Mrs Marjorie Kingsbury (nee Harding b.1913) also remembered growing up in Knaphill, and spending many hours helping on the family farm. The farm house was ‘High Clere’ (illustrated to the left; where the pet shop is now), with agricultural land, stables, cowsheds and fields close to the centre of the village. There was no electricity when she was a young girl so what lighting there was came from paraffin lamps and gas lights.
Listening to Mrs Kingsbury’s vivid recollection of the layout of the village and the wide range of shops spread along the High Street and piecing together the images captured in postcards and photographs of those years it is easy to image that very different Knaphill of the years around the First World War and the early 1920’s.
There were several providers of grocery provisions, including the Co-operative Society, Wilsons, Means and ‘The International’. Grimditch & Webb and Moore’s were just two of the butchers shops, with Moore’s large slaughterhouse and yards at the back and livestock in pens awaiting their fate. There was a small dairy selling fresh milk, and Miss Mingay’s shop sold wet fish and fresh vegetables. The main bakers was Pickards, with ‘bake houses’ behind the shop, so there was sometimes a sweet smell of cakes and bread being baked to compete with some of the less pleasant smells of the farms and animals. (The Knaphill memories we hear are not of a ‘picture postcard’ village, it seems to have been a working centre, with ‘muck and manure’ to avoid stepping in when walking through the centre).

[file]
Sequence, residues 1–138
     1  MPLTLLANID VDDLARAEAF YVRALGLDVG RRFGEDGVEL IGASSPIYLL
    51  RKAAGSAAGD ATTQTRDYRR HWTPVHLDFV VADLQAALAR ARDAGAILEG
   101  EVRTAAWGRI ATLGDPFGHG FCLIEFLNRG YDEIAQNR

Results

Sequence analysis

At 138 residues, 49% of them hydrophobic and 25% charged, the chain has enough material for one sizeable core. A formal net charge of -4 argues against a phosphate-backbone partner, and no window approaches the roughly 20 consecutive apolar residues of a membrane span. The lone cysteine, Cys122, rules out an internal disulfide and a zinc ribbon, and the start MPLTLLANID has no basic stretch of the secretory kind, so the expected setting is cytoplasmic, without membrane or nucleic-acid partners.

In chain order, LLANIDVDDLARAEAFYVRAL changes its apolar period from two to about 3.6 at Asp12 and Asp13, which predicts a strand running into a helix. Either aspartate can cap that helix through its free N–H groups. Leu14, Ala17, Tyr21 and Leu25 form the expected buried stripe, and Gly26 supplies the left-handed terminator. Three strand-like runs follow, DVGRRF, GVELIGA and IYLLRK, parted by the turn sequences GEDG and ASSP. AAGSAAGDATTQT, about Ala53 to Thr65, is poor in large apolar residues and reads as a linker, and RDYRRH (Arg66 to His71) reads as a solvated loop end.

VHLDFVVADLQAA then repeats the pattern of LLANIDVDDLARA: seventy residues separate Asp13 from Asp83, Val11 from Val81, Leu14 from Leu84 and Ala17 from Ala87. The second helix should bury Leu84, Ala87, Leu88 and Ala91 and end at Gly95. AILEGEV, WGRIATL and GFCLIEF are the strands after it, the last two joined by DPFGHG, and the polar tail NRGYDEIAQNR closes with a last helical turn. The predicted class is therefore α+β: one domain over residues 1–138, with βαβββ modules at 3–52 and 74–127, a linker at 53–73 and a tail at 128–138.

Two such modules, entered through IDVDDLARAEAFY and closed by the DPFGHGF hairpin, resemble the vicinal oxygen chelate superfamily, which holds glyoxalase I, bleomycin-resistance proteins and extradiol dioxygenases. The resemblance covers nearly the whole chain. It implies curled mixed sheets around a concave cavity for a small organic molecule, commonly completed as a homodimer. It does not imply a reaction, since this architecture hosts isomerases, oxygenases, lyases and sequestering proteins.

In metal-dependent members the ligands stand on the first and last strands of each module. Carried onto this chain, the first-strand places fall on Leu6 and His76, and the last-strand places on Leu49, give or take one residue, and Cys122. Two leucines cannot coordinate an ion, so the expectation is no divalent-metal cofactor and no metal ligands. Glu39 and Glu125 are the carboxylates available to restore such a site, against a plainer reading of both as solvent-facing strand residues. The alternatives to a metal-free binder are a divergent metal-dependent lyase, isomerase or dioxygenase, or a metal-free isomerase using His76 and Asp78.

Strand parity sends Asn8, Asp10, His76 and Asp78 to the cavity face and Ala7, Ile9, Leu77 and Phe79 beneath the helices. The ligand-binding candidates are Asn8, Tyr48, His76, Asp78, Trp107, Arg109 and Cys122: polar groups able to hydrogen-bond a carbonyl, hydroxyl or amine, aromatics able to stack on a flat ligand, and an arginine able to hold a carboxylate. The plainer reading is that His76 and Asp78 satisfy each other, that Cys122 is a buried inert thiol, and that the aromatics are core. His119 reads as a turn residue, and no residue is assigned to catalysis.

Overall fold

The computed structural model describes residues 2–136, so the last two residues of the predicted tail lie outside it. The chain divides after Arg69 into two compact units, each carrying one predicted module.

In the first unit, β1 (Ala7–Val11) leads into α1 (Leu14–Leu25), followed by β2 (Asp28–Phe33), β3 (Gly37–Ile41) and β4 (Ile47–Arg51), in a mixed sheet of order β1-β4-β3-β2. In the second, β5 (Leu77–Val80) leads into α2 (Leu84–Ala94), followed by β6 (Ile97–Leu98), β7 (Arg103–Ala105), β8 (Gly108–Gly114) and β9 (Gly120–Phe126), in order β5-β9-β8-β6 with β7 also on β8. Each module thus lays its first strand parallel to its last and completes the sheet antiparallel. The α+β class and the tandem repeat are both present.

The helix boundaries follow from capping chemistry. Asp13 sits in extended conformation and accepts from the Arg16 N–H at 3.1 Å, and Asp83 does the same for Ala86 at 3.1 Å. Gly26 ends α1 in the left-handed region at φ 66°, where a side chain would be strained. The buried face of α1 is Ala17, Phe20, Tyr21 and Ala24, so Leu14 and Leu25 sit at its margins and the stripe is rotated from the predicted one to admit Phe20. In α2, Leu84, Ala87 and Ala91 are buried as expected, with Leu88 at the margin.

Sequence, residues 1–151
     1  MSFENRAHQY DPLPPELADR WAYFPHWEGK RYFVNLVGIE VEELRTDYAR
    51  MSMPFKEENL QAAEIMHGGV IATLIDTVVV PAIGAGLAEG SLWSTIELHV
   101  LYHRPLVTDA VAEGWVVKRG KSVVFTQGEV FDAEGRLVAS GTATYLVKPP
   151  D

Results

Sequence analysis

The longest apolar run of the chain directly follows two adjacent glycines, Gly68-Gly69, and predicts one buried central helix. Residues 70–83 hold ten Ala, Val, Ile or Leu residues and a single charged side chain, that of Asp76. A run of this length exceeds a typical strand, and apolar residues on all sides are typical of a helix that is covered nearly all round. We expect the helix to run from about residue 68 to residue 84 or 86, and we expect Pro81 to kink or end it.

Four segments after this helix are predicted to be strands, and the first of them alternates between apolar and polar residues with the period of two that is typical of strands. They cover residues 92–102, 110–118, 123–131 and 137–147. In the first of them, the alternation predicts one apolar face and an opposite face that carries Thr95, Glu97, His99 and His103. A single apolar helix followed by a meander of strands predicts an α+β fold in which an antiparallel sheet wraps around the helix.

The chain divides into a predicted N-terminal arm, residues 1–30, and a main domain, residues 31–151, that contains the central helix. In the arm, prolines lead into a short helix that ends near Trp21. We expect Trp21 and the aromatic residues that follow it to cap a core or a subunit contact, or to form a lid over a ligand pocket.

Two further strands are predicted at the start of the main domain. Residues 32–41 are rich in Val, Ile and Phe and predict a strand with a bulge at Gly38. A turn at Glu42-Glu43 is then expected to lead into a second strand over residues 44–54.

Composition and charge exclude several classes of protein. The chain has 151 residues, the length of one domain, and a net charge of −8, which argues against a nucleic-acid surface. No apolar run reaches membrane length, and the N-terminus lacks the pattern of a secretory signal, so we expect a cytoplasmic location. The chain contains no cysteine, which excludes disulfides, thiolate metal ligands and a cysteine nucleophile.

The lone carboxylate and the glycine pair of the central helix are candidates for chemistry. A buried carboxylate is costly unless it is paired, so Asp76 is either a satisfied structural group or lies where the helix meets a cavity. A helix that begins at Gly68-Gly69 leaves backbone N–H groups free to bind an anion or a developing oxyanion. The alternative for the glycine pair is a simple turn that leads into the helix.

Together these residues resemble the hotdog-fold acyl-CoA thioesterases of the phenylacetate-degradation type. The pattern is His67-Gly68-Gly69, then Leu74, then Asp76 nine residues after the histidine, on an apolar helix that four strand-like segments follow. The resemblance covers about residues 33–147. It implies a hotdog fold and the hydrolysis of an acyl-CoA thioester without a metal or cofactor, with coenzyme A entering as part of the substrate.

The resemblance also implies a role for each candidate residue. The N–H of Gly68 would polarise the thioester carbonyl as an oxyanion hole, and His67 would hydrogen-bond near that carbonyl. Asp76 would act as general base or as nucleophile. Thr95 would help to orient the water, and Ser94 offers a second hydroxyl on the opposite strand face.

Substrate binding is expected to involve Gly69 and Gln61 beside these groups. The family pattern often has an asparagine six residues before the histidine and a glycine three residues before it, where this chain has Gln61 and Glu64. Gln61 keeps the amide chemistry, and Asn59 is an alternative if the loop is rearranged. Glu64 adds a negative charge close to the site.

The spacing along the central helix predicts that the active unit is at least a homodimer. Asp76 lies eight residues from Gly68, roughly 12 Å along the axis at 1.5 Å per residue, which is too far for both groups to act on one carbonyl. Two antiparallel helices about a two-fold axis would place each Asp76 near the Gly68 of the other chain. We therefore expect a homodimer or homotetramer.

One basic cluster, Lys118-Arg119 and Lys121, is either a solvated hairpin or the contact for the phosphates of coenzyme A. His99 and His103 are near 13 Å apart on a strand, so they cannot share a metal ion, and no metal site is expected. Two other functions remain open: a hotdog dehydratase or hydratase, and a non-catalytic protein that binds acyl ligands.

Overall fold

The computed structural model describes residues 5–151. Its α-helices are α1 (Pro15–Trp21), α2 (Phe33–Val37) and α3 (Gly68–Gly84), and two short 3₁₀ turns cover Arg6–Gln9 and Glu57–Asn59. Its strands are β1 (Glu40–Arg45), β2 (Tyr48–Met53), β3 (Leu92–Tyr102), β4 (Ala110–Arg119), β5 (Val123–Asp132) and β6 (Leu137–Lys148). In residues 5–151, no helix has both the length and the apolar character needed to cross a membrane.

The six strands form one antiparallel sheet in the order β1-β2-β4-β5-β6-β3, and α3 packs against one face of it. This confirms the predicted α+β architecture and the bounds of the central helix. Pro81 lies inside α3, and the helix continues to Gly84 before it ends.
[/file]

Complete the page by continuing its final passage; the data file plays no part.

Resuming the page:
The village ironmongers were F.G. Rice’s. They had all manner of tools and garden implements, nails and nuts and bolts, (sold by weight) downstairs and china and glassware upstairs, plus a coal yard at the back. Most ladies made their own clothes and sewing was a valued skill so there were several suppliers of cloth and sewing items. Ruglys’ was one of the popular drapers and also had a newsagent. There were several gent’s outfitters (including Humphries) and for the ladies a number of dressmakers who made clothes to order, often working from home. Other shops included Harvey’s the pharmacists, Belchers which was the Post Office and stationers with a small telegraph office (to receive telegrams) inside and the sorting office attached to the side of the shop. Trotters was the cycle repair shop, where you could take the early ‘batteries’ for the old crystal sets once a week to be ‘recharged’. The cobblers and shoe shop was Mr Hill’s and Forcett’s had the rag-and-bone yard. There were also several churches and public houses at the top of the hill and out along the roads leaving the centre of the village; there seemed to have been almost everything a family would need within walking distance of home.
There were open spaces between the shops, with a few cottages, houses (some with small ‘shops’ in their front room), gardens, plots for vegetables, bee hives, orchards and then fields out to Chobham Road and down Anchor Hill (see the postcard to the right). Listening to Alan and to Mrs Kingsbury’s memories one builds up a picture of Knaphill as a thriving rural village with Woking and the wider world too far away to be of very much concern to those who grew up in the Knaphill of the 1920’s.
We have also met other residents who remember other aspects of village life……. Knaphill people have many wonderful stories to tell which can help us to understand the history of our ever-changing village….the sports clubs, churches, school days in Knaphill, the hey day of the Brookwood Hospital and much more……. We will tell you about them in future articles…….
Sadly in the years since the original preparation of this article in 2006, Alan Frost and Mrs Kingsbury have died. KRA were pleased to have been able to share some of their memories and to go on to share our notes of their memories with you.